In the December 7, 2012 Federal Register, the IRS issued the final regulations under the medical device excise tax, accompanied by interim guidance that deals with a number of time-sensitive issues including the determination of the taxable sales price and relief from the penalties associated with deposit with the IRS of the correct tax amount. The final regulations are effective starting December 7, 2012, and apply to sales of taxable medical devices after December 31, 2012.
The medical device excise tax was enacted as part of the Health Care and Education Reconciliation Act of 2010 in connection with the Patient Protection and Affordable Care Act. The law imposed a tax on the sale of any taxable medical device by the manufacturer, producer or importer of the device.
To what devices does the tax apply?
Under the final regulations, the FDA listing system is used to determine what constitutes a taxable product for purposes of the device tax. A taxable device is one listed under section 510(j) of the Federal Food, Drug, and Cosmetic Act and 21 CFR part 807. Biologics listed under 21 CFR part 607 are not taxable devices. Combination products, such as syringes pre-filled with a pharmaceutical drug are taxable only if the overall combination product is a listed device. On an interim basis, U.S.-manufactured “kits” in which one or more finished medical devices are packaged together into kits for the convenience of the health care provider in the performance of a medical procedure are not subject to the device tax at the kit level; only the listed components in the kit are taxable. The sale of refurbished or remanufactured devices can also constitute the sale of a taxable device.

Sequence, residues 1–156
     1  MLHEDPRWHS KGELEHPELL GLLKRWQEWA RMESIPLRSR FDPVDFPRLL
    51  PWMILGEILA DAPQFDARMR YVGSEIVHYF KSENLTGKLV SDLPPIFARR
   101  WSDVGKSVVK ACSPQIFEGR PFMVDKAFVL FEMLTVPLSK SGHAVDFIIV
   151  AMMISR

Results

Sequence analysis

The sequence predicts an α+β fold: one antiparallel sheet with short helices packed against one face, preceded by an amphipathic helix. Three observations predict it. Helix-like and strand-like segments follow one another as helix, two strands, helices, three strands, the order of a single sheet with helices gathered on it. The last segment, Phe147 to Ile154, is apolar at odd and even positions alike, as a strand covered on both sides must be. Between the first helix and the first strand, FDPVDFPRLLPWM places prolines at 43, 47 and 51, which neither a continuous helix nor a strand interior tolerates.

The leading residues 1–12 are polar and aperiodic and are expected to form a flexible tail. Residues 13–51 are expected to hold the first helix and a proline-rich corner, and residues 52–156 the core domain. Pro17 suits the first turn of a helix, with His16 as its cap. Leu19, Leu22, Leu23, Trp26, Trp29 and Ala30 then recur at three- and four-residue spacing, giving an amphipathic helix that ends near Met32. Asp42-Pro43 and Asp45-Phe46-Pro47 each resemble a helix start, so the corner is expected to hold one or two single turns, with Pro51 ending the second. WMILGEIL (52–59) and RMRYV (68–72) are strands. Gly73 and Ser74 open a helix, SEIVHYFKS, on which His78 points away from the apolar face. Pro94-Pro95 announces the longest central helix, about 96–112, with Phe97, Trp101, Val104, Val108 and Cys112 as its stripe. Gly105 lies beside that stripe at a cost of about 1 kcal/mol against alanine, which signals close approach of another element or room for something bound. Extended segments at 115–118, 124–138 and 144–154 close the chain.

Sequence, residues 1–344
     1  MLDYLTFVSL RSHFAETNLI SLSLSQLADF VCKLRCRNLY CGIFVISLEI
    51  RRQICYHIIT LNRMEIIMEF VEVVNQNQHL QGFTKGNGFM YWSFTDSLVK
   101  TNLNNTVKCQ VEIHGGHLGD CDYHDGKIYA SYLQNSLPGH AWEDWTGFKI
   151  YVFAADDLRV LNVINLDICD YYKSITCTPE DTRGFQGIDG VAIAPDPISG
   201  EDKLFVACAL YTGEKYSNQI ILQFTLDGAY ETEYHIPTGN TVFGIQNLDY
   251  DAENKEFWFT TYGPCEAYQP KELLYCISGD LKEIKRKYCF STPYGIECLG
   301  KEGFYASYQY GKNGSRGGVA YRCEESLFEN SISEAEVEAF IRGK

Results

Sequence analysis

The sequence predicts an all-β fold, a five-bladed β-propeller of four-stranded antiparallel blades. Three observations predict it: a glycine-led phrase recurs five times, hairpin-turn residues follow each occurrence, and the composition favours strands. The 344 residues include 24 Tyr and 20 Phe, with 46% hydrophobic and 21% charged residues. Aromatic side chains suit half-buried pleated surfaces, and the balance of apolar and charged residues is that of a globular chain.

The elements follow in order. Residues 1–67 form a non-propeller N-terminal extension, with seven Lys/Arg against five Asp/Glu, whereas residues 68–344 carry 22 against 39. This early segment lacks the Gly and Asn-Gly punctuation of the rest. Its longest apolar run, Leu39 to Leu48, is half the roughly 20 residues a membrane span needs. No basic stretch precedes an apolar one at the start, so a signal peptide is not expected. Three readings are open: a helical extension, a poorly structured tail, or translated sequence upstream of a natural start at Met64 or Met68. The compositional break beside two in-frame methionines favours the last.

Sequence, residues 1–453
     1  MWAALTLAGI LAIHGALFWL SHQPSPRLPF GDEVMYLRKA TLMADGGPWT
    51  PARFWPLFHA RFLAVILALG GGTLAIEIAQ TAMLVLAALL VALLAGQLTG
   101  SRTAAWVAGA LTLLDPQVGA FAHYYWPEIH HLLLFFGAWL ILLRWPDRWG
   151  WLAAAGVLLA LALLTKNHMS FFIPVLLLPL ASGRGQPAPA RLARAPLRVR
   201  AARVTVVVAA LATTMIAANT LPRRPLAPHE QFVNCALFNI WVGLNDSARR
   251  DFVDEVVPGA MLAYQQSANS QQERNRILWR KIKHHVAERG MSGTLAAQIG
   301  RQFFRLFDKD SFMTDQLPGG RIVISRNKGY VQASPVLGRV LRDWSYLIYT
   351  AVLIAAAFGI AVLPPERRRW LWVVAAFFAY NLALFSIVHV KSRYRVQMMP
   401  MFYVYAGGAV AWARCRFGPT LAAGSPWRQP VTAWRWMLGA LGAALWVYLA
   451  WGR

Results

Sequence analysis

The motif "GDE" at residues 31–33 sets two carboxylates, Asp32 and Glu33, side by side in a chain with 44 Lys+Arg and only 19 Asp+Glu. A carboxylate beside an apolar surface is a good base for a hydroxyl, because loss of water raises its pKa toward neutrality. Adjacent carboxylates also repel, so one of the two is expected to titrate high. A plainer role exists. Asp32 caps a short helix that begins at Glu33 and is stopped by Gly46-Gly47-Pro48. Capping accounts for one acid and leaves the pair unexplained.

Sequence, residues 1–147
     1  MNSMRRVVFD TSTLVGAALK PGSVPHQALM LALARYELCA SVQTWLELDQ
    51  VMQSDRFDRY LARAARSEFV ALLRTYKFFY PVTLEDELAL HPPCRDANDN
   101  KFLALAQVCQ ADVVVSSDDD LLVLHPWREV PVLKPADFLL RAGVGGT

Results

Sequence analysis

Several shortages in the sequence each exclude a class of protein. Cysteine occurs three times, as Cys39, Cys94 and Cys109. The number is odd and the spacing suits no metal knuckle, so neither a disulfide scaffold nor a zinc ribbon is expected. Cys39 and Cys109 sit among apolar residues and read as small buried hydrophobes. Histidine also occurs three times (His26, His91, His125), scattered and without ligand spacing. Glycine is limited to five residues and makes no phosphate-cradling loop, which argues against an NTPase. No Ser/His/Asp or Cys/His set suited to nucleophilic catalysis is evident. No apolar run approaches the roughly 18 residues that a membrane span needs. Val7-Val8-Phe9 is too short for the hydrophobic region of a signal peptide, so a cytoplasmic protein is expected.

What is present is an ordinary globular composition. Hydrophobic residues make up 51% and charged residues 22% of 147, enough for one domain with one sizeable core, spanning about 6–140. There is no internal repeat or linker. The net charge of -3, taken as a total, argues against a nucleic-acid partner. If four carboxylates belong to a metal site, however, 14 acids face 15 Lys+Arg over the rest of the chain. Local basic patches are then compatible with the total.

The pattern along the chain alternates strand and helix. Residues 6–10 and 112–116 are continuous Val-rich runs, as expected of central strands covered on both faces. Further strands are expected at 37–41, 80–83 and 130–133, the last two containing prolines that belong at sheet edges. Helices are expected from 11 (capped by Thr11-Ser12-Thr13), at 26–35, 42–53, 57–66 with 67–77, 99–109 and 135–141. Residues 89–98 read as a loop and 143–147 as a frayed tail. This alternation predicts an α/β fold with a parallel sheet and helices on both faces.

The tax applies to both sales and leases of devices by the manufacturer. The IRS takes the position that the tax applies to post-2012 payments on existing leases.
To what devices does the tax not apply?
Devices that are typically purchased by the general public for individual use at retail are exempt from the device tax. The final regulations apply a “facts and circumstances” approach to determining whether a particular device qualifies for the retail exemption from the device, and provide examples of how the retail exemption will operate. Software updates and upgrades, most replacement parts, and separately-purchased service contracts.
Notably, exports of otherwise taxable devices or sales of taxable devices to others for use as components in further manufacturing an overall taxable device are exempt from the device tax, but to qualify for the exemption manufacturers must be properly registered with the IRS by filing IRS Form 637.
Who constitutes a “manufacturer” or “importer’?
The final regulations apply the “facts and circumstances” standard of the current law excise tax regulations to determine who is the “manufacturer” or “importer” for purposes of bearing the device tax.
How is the tax determined, paid, and reported to IRS?
The IRS guidance provides formulas for computing the taxable sales price of the device depending on the type of distribution chain used by the device manufacturer. The tax must be deposited with IRS on a semi-monthly basis, with an excise tax return on IRS Form 720 due on a quarterly basis. The IRS has waived the penalties for failure to deposit the correct tax amount for the first 3 calendar quarters of 2013.
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